The Sabbath between Rosh Hashanah and Yom Kippur is called Shabbat Shuvah (return), after the first word of the multiprophet haftarah, and also a play on Teshuvah, repentance, its primary theme.  In olden times, it was one of only two Sabbaths on which the rabbi was expected to give a sermon.  This year, the Torah portion read on Shabbat Shuvah happens to be Ha’azinu.  It includes the song/poem Moses was commanded to write at the end of last week’s portion.   This is 43 verses long (but they’re short). It describes the often-stormy relationship between God and the Israelites, who are called perverse, vile, unwise, fat and kicking, lacking discernment, contemptuous, venomous, and several additional, similar adjectives. The consequent divine retribution will be harsh (fire, demons, famine, war, dispersion, and so on) but “God will forgive us our sins and repay our enemies for His name’s sake” (Nachmanides, as cited by Nehama Leibowitz, Studies in Devarim, p. 327).  The Israelites just need to learn, teach, and live by the Torah. Now it is time for Moses to see the Promised Land from Mount Nebo before he dies.

I wish all of you and your families a good and sweet 5778.
L’shanah tovah um’tukah and an early Shabbat shalom,

How A Mother Would Handle “BBC Dad’s” Tricky Situation
6 months ago byRūta Grašytė

Remember when Robert Kelly was interrupted by his children during a BBC interview? People still can’t get over how hilarious that was, and now New Zealand’s Jono and Ben comedy show has created a parody of the interview, imagining how a mom would’ve handled the situation.
Starring Kate Wordsworth, the video shows her answering question about South Korea, just like Robert Kelly, when suddenly her child walks in. Not only does Wordsworth put her daughter on her lap, but she also feeds her milk, hands her other child a toy while he walks in, cleans a toilet, removes chicken from the oven, and defuses a bomb – all while answering questions about South Korea! Now that’s what we call multitasking. (See the 1 min 9 sec video at the above website)
——————- (sent out in 2006 and 2013)

Top 10 ways you know your shul got a LAME Shofar Blower 

(Note: The three patterns of shofar blasts are called tekiah, sh’varim, and teruah, the big final blast being tekiah gedolah. IGP)

10. Instead of Tekiah, he keeps ordering Tequila.
9. His shofar is attached to a Casio keyboard and can make over 150 bird calling sounds.
8. You overhear him say, “Shofar – Sure, anyone else need a ride to the airport?”  [That’s the closest I’ll get to the old chauffeur/job benefits joke. IGP.]
7. After each blow someone says Gezuntheit.
6. His former job was being “the guy who couldn’t blow out the match” in the asthma commercials.
5. Won’t stop with the Austin Powers “Do I make You HORNy?” line
4. Brings in live ram and asks if anyone has a pocket knife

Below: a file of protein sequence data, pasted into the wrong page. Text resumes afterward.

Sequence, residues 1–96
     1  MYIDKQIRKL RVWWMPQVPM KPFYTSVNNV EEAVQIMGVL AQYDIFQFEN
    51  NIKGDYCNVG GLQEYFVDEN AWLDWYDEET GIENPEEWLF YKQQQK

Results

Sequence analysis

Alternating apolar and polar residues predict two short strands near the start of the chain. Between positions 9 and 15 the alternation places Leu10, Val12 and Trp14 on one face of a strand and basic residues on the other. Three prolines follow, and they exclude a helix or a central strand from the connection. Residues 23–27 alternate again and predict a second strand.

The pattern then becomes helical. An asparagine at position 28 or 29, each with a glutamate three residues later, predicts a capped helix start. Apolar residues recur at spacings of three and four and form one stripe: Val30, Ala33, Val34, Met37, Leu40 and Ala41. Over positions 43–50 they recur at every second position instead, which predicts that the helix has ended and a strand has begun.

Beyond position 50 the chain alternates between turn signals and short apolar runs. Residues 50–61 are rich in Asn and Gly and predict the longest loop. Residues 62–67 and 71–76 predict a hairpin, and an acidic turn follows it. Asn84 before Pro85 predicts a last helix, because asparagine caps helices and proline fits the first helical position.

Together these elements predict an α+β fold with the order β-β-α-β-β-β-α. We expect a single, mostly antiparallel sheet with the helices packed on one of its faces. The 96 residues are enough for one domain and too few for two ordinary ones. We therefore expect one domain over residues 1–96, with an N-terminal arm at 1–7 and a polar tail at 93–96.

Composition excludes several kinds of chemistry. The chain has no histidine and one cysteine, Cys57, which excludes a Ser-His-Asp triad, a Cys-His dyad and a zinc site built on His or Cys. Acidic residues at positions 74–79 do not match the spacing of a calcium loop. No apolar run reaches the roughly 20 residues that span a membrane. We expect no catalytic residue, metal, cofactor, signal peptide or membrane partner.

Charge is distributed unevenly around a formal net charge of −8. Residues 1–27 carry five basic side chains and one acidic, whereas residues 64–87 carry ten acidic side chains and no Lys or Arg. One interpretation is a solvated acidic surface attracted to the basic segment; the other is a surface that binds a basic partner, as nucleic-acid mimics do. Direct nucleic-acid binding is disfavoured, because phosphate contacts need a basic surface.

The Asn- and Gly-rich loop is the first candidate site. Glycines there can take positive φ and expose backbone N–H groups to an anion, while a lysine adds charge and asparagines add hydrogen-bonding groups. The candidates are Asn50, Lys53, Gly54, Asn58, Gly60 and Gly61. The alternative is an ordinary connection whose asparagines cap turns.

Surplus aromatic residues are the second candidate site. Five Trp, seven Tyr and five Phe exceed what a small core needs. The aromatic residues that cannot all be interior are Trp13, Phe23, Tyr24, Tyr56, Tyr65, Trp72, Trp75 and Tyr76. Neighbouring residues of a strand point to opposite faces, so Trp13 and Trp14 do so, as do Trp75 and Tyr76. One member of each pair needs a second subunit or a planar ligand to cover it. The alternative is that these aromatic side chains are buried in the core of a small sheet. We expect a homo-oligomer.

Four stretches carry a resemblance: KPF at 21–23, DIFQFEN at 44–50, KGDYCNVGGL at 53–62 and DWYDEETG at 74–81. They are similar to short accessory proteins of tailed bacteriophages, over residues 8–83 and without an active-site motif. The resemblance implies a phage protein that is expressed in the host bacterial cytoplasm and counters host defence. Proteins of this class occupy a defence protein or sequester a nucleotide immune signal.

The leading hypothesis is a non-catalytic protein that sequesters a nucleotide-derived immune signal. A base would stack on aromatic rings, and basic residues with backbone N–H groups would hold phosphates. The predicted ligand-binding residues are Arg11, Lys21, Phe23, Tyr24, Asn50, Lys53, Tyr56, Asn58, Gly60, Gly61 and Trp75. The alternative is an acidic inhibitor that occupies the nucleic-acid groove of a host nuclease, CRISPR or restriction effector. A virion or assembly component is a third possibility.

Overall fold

3. Gets pissed when his Karaoke machine accidentally starts playing “Love Shack” instead of Tekiah Gedolah
2. At Kiddush uses Shofar as Beer Funnel
1. He’s playing a Kazoo [I remember making a pseudo-double reed instrument out of a drinking straw as a child and blowing tekiah, etc. on that. Not enough volume. IGP].


tph shofar rabbi-bubbles

In the Service

After services on Rosh Hashanah, Rabbi Cohen was, as usual, standing near the synagogue exit shaking hands with congregants as they left. But then he noticed a member who rarely attended services leaving, so Rabbi Cohen grabbed his hand, pulled him aside and said, “David, I think you need to join the Army of God!”
“But I’m already in God’s army, Rabbi,” protested David.
“So how come I don’t see you in shul except on Rosh Hashanah and Yom Kippur?”
David leaned in and whispered, “I’m in the secret service.”

tph sarah water broke

tph ram's lawyer


(Two of) Five Poems with Fantastic Wordplay

  1. How many prepositions is it possible to fit into a single line of a poem? These verses by Morris Bishop suggest that the answer is at least seven:

I lately lost a preposition.
It hid, I thought, beneath my chair.
And angrily I cried, “Perdition!”
Up from out of in under there.

Correctness is my vade mecum,
And dangling phrases I abhor,
But yet I wondered, “What should he come
Up from out of in under there for?”

  1. Generally, when a word has a prefix, like the in– in independent, you
    can remove the prefix and still have a perfectly normal word left over, like 
    dependent. But that’s not always the case, as this poem by David McCord

I know a little man both ept and ert.
An intro-? extro-? No, he’s just a vert.
Sheveled and couth and kempt, pecunious, ane,
His image trudes upon the ceptive brain.

When life turns sipid and the mind is traught,
The spirit soars as I would sist it ought.
Chalantly then, like any gainly goof,
My digent self is sertive, choate, loof.